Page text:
The plaintiff declared for the loss of certain turpentine, some in barrels and some on the trees, and for an injury to his slaves, caused by the defendant in going upon a tract of land which the plaintiff held under a lease, and driving off his slaves and seizing the turpentine. The testimony disclosed the fact that the plaintiff was engaged in making turpentine with another person, and that they were partners, that the turpentine which had been lost was the property of the partnership, and that the slaves alleged to have been injured were the property of the plaintiff alone, and the injury to them was his individual loss, and not that of the partnership. The defendant contended that the plaintiff could not recover because of the non-joinder, but the court held that the defendant could not take advantage of the non-joinder under the general issue, and that the plaintiff could recover his proportional share of the loss, and to this ruling the defendant excepted.

The defendant also contended that the plaintiff could not recover both for the injury to his slaves, and for the damage sustained as a partner for the loss of the turpentine, but the court held otherwise, and the defendant again excepted.

There was evidence that a large part of the turpentine consisted of what is called “ scrape,” being that portion which does not run into the box but remains on the face of the tree, and which is removed after it

1 See Noble v. Sylvester, 42 Vt. 146, post.

has formed in sufficient quantity, by scraping it from the tree. It was proved that the lease under which the plaintiff held, had expired before the trespass was committed, and the defendant contended that the plaintiff could not recover for the scrape turpentine remaining on the trees.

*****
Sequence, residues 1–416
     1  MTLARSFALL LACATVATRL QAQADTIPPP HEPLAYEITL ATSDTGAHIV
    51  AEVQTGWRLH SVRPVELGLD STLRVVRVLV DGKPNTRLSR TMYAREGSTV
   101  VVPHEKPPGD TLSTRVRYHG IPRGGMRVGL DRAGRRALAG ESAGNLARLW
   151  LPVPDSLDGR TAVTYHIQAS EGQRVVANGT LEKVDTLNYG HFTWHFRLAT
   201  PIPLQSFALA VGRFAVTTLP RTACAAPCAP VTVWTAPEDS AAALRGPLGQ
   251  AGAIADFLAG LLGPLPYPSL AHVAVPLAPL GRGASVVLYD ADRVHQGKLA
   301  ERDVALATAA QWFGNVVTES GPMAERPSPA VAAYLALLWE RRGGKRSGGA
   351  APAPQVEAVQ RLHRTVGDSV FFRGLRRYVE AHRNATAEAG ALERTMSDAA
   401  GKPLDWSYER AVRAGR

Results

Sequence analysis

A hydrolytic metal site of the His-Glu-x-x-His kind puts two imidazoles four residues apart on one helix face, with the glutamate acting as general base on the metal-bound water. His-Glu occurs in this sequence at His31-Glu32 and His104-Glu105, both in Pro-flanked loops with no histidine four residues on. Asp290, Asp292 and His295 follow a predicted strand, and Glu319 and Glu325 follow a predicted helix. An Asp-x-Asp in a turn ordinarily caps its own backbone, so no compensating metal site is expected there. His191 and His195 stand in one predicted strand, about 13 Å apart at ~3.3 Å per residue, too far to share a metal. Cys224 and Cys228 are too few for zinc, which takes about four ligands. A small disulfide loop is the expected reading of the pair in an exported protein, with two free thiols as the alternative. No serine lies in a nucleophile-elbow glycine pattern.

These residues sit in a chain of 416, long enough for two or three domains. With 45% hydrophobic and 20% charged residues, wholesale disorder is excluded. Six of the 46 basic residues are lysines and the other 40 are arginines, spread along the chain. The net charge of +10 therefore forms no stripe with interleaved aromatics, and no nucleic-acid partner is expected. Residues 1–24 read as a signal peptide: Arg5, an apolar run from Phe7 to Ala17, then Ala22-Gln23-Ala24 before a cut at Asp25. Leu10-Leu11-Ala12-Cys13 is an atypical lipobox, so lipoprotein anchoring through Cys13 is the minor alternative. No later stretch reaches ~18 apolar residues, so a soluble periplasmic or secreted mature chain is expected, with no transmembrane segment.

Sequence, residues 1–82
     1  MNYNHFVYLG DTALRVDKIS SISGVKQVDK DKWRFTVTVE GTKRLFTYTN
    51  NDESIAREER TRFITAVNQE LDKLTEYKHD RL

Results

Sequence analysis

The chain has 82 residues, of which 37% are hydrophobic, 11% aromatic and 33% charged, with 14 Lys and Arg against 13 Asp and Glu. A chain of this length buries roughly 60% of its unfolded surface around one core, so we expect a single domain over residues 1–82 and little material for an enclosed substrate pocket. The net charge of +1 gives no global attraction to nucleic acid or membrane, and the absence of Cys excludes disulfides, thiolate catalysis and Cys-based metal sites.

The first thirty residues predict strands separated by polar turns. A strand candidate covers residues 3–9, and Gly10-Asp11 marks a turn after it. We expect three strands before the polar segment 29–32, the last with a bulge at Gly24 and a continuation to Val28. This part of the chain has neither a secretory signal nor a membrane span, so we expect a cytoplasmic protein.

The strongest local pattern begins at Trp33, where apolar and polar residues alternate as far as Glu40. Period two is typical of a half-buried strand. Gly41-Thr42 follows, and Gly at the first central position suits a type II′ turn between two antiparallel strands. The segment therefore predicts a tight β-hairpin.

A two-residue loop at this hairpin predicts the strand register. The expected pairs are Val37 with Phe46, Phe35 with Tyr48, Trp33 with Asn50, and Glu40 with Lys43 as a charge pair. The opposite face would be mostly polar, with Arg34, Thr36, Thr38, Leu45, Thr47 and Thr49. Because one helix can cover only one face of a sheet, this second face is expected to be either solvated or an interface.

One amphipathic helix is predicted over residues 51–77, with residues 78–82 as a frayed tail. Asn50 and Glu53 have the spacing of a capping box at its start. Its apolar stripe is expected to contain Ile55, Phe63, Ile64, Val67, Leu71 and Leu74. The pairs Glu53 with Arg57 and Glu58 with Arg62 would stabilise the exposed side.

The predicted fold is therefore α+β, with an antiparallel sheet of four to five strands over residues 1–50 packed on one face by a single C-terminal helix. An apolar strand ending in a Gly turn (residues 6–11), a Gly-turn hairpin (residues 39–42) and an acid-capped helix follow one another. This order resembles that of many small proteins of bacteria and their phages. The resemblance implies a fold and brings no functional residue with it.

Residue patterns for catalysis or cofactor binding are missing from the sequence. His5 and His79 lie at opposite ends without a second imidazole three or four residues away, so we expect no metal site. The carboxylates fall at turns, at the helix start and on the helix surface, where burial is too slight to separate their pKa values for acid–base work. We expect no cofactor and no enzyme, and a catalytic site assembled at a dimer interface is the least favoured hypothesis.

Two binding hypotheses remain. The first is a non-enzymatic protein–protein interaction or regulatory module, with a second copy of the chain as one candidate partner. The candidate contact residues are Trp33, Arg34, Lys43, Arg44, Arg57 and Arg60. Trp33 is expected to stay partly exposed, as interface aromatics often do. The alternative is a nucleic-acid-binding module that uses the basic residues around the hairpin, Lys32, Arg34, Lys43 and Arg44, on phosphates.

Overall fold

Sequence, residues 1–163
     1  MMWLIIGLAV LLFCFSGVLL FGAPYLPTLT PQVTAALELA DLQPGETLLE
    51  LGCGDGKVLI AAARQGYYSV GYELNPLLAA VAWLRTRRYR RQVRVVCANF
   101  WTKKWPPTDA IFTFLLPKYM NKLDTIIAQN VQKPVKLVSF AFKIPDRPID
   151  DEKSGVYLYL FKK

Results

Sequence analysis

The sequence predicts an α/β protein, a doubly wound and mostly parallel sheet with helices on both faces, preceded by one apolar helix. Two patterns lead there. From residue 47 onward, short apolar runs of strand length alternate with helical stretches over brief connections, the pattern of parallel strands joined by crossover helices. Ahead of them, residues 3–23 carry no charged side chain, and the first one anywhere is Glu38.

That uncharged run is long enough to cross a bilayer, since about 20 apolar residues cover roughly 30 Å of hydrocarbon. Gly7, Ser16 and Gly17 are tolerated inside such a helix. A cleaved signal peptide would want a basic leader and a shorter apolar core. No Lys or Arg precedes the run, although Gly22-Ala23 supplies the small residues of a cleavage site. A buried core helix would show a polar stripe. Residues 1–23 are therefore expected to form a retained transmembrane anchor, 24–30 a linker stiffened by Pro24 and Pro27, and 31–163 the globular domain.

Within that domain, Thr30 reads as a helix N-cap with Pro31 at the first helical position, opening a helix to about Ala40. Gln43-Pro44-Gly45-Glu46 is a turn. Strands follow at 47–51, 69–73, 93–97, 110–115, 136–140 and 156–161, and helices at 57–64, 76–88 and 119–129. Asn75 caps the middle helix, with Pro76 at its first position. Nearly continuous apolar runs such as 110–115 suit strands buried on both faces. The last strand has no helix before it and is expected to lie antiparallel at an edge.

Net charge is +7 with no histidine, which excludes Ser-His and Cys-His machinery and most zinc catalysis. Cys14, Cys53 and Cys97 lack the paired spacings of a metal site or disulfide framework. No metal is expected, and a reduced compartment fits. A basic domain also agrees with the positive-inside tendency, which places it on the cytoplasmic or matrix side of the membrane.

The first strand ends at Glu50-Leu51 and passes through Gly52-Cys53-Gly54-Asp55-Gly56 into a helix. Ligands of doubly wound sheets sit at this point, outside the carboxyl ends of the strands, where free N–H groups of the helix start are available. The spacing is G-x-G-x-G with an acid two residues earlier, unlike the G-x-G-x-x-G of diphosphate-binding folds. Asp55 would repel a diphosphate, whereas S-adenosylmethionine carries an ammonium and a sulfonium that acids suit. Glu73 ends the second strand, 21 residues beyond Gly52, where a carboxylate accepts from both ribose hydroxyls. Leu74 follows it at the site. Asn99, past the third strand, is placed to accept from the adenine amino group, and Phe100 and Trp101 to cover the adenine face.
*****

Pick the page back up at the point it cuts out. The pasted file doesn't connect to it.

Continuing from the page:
His Honor charged the jury that if the plaintiff had cultivated the trees and manufactured the scrape it was his property, and was not a part of the tree going with the realty, and that the plaintiff had a right to remove it, although his lease might have expired, and if the defendant drove away his slaves and prevented them from removing it the plaintiff could recover for the loss of it.

There was a verdict and judgment for the plaintiff, and the defendant appealed.

W. McL. McKay, for the defendants.
Bragg and Strong, for the plaintiff.

Dick, J. Crude turpentine which has formed on the body of the tree, and is usually known as "scrape,” is personal property, and belongs to the person who has lawfully produced it by cultivation. State v. Moore, 11 Ire. 70. It is an annual product of labor and industry, and although it adheres to the body of the tree it is not a part of the realty. The turpentine crop may be properly classed with fructus industriales, for it is not the spontaneous product of the trees, but requires annual labor and cultivation. Upon a similar principle, hops which spring from old roots have long been regarded as emblements.

A lessee of turpentine trees, even after the expiration of his lease, has the right of “entry, egress and regress” to remove the “awaygoing crops” which he has produced by his labor, provided he does so within reasonable time. He has a right to the occupation of the premises for that purpose, and if this right is refused by the owner of the land, the lessee is entitled to recover the value of the property detained. Brittain v. McKay, 1 Ire. 265.

The "scrape" must be removed before the sap begins to flow in the subsequent spring, for then the new turpentine mingles with the old " scrape,” which cannot be taken away without interfering with the rights of the owner of the trees.

In this case, it appeared, that the lease of the plaintiff had terminated, but there was no evidence as to the time when he entered for the purpose of removing the “scrape.”.

The charge of his Honor was, therefore, too general in its terms, as the plaintiff had no right of entry after the new turpentine had begun to flow, and for this error there must be a venire de novo.